INTRODUCTION On the 3rd of September 2018, it was reported that international sculptor and former student of the Obafemi Awolowo University, Dotun Popoola, had threatened to sue the University to the tune of N200 million for destroying a sculpture of Nobel laureate, Professor Wole Soyinka, which the Artist made as his final year project in the institution.  According to the reports, the University had removed the head of the art work and placed it on top of a ridge in a newly built museum in honour of the celebrated Nobel laureate. In the words of the Artist: “I appreciate the fact that the institution recognised that the work is outstanding enough to represent the museum that was donated to Soyinka. If it wasn’t good, the institution would have commissioned another artist somewhere to produce a work for them… The intellectual aspect of the work is that the portrait was placed on three books of Soyinka which represent poetry, prose and drama, that gave him his Noble prize. But I went to the university to discover that the books were destroyed, head of the piece removed, and my signature and date of execution cut off… That was why I feel pained to see the work beheaded and placed on the roof. Anytime I travelled to the US and returned with white Americans, I would always take them to the site in the university to show them my work,” In response to his claims for the violation of his rights and the mutilation of his work, a lecturer of the institution was reported to have said that the “student has no right again over his project after he has left the school because he has been given the award, which is the certificate. The project is what he submitted to get the certificate.” While the arguments on this issue may not be as straight forward as “yes” or “no”, it is important to point out that the issue in contention between the Artist and the University is a novel one and intellectual property enthusiasts would hope the parties fail to settle this amicably, in other to give our courts the opportunity to enrich our understanding on this area of law.  In the main however, this article attempts to briefly consider the provisions of the Copyrights Act in Nigeria in light of the issue thrown up by this case. IS THE ARTISTIC WORK ELIGIBLE FOR COPYRIGHT? In Nigeria, the Copyrights Act Cap 28 Laws of the Federation of Nigeria, 2004 is the principal legislation on copyrights and the Act provides thatartistic works”, including works of sculpture, are eligible for copyright. By Section 1 of the Act such works are eligible if: (a) sufficient effort has been expended on making the work to give it an original character; (b) the work has been fixed in any definite medium of expression from which it can be perceived. Provided however that the work was not intended by the author to be used as a model or pattern to be multiplied by any industrial process. By the above provision of the Act, the work of sculpture by the Artist in the instant case is a work eligible for copyright under the Nigerian copyright law. The pertinent question however is “who has the copyright in the work?” Is it the University or the Artist who produced the work as his project work? WHO IS THE OWNER OF THE COPYRIGHT IN AN ARTISTIC WORK? Section 10 of the Copyright Act specifies the right to first ownership of copyright and clearly states that copyright in an artistic work vests initially in the author. Section 51 of the Act defines “author” in the case of literary, artistic or musical works, to mean the creator of the work. The only exception to the copyright being vested in the creator of an artistic work is where the artist makes the work in the course of his employment by the proprietor of a newspaper, magazine or similar periodical under a contract of service or apprenticeship for the purpose of its publication in a newspaper, magazine or similar periodical (Section 10 (3)). Furthermore, Section 10(2) recognizes that a commissioned artist may by contract sign-off his right to first ownership of the copyright. The above exceptions in section 10(3) do not apply to a work of sculpture since the work cannot be published in such format as described therein. Whether the exception in section 10(2) applies would however depend on what documentations the Artist signed as a student in the course of his project application and submission process and whether those documents signed-off his copyright to the project work. It is also arguable whether a Student who produces work as a school project can even be said to have been “commissioned” to produce the work. WHAT RIGHTS WOULD THE CREATOR OF AN ARTISTIC WORK HAVE? As stated above Section 10 vests copyright in a work eligible for copyright initially in the author. It is noteworthy however that the authorship rights and the copyrights in an artistic work are different rights. While the copyright may be assigned or contracted away from the first copyright owner, the authorship rights cannot be signed or alienated. The author of a work must always be recognised as the author. This is the provision under the clear wordings of section 12(1) of the Copyright Act, which states that a creator of an artistic work as the author of the work has the right to:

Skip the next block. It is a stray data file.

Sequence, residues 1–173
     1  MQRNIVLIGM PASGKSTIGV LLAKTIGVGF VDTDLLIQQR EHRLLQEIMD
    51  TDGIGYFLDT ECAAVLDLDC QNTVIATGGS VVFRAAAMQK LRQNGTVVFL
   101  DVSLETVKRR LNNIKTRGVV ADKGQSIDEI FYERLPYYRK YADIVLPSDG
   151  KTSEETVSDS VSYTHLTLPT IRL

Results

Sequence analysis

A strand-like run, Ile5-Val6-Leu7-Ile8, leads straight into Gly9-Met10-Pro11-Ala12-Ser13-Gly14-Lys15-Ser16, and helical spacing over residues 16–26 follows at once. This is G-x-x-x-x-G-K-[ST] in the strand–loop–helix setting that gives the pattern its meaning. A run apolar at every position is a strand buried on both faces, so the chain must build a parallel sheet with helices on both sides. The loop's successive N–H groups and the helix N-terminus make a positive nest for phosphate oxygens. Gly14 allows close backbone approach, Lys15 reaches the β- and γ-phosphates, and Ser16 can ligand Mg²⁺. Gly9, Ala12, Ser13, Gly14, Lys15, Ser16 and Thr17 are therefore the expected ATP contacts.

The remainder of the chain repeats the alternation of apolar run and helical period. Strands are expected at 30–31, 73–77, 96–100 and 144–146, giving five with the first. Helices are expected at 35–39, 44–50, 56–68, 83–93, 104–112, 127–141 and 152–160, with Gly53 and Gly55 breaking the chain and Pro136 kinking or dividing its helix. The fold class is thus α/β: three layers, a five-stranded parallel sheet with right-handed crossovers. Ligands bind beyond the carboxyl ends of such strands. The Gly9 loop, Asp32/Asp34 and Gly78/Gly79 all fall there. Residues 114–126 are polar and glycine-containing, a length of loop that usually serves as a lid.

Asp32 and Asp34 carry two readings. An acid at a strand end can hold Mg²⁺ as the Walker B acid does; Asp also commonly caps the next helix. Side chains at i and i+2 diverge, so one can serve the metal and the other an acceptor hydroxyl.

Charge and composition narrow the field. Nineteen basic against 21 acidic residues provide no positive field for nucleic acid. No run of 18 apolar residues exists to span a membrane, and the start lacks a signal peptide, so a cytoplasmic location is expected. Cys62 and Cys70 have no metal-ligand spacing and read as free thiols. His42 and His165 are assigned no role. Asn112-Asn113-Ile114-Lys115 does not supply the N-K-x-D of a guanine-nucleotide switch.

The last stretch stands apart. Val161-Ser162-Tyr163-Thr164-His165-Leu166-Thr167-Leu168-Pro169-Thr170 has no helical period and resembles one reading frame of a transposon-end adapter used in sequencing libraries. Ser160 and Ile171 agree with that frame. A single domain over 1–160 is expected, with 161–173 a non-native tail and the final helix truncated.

1. to claim authorship of his work, in particular that his authorship be indicated in connection with any of the acts on the work.